• Condo owners are facing increased financial pressure as monthly maintenance fees soar, with some fees jumping from $400 to $700. This hike in costs is causing buyers to reconsider their options, leading to a shift towards single-family homes and leaving condos on the market for longer periods due to reduced buyer interest and affordability challenges.

Proptech

How One Firm Is Helping Multifamily Cash in on Electricity link

  • Solar energy is becoming a lucrative opportunity for multifamily properties amidst falling rents in major metros. PearlX offers no-cost solar systems in California and Texas, leasing rooftop space from multifamily properties to install these systems.

  • This initiative not only promises a new revenue stream for property owners but also aims to lower electricity costs for tenants. Tenants pay PearlX for electricity, potentially at rates lower than those of existing suppliers, making it an attractive proposition for both parties.

  • Excess electricity generated can be sold back to the grid, especially during peak demand times. This not only contributes to the property's income but also supports the grid in managing demand, showcasing a sustainable and financially beneficial model for multifamily properties.

Because a picture is worth a thousand words

All Time Vacancy Rates

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Indianapolis Apartment Construction Expected To Keep Vacancy High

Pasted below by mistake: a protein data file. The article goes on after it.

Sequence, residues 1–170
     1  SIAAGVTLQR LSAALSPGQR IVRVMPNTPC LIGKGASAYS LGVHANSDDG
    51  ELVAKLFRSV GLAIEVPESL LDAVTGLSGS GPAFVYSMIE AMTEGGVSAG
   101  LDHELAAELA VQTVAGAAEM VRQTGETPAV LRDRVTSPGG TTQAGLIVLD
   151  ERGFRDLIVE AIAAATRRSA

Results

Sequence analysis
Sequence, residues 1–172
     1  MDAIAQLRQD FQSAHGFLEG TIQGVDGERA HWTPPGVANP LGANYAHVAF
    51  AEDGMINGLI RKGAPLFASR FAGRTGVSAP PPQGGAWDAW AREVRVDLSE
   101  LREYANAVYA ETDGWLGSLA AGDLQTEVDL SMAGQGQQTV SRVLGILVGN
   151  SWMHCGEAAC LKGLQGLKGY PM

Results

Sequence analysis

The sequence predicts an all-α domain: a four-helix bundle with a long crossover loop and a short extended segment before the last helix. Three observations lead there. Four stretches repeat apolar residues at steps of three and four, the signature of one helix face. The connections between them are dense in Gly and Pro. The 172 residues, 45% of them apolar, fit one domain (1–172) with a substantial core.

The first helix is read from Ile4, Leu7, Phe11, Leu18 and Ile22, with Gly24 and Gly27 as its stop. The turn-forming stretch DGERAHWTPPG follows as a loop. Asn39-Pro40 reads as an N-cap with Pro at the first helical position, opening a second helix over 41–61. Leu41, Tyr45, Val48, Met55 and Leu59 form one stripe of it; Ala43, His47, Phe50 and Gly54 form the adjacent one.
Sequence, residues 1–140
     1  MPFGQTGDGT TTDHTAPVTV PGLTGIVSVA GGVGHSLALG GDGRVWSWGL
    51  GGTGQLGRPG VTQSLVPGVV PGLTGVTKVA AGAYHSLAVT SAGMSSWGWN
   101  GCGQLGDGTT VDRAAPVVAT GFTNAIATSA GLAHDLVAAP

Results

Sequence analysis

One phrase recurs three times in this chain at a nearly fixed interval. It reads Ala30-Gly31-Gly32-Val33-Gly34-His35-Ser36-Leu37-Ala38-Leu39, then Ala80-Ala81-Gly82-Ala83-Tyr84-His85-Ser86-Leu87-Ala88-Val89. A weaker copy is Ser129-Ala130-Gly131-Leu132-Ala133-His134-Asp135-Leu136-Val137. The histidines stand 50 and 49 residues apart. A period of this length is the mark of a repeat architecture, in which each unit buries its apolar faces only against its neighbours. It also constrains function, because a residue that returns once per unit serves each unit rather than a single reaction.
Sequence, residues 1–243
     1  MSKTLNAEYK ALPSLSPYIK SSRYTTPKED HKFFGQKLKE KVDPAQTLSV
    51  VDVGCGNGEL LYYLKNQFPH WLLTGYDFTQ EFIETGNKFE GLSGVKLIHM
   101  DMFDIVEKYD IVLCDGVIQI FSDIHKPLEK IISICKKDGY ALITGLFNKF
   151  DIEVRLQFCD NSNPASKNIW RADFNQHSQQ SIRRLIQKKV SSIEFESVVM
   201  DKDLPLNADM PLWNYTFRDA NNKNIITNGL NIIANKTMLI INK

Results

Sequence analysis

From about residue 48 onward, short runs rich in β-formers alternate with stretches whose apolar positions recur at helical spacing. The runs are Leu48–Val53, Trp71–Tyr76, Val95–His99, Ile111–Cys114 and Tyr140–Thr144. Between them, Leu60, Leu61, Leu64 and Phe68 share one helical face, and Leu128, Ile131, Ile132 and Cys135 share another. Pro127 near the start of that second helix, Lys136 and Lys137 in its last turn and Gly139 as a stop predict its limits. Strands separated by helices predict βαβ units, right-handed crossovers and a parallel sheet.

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Median Down Payment for a House by State 

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Pro Member Only Content

The Global Outsourcing of Warehousing 

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  • The pandemic has significantly increased the role of third-party logistics (3PL) warehouse operators, highlighting their importance in enhancing supply chain resiliency. These operators have become crucial in managing vulnerabilities in global supply chains by providing a range of fulfillment and storage solutions, especially as e-commerce demands surge.

  • 3PLs are dominating the demand for industrial and logistics space, impacting real estate fundamentals and warehouse building design. They account for more than 30% of bulk transactions (over 100,000 sq. ft.) in the U.S. since the pandemic began, with similar growth observed in Europe and Asia-Pacific, indicating a strong and growing reliance on these services globally.

  • The evolution of logistics technology, including the use of AI, big data analytics, and blockchain, is revolutionizing 3PL operations. These advancements are enabling 3PLs to offer more efficient and cost-effective solutions, driving further demand for modern warehouse spaces equipped to handle increased storage requirements and automation.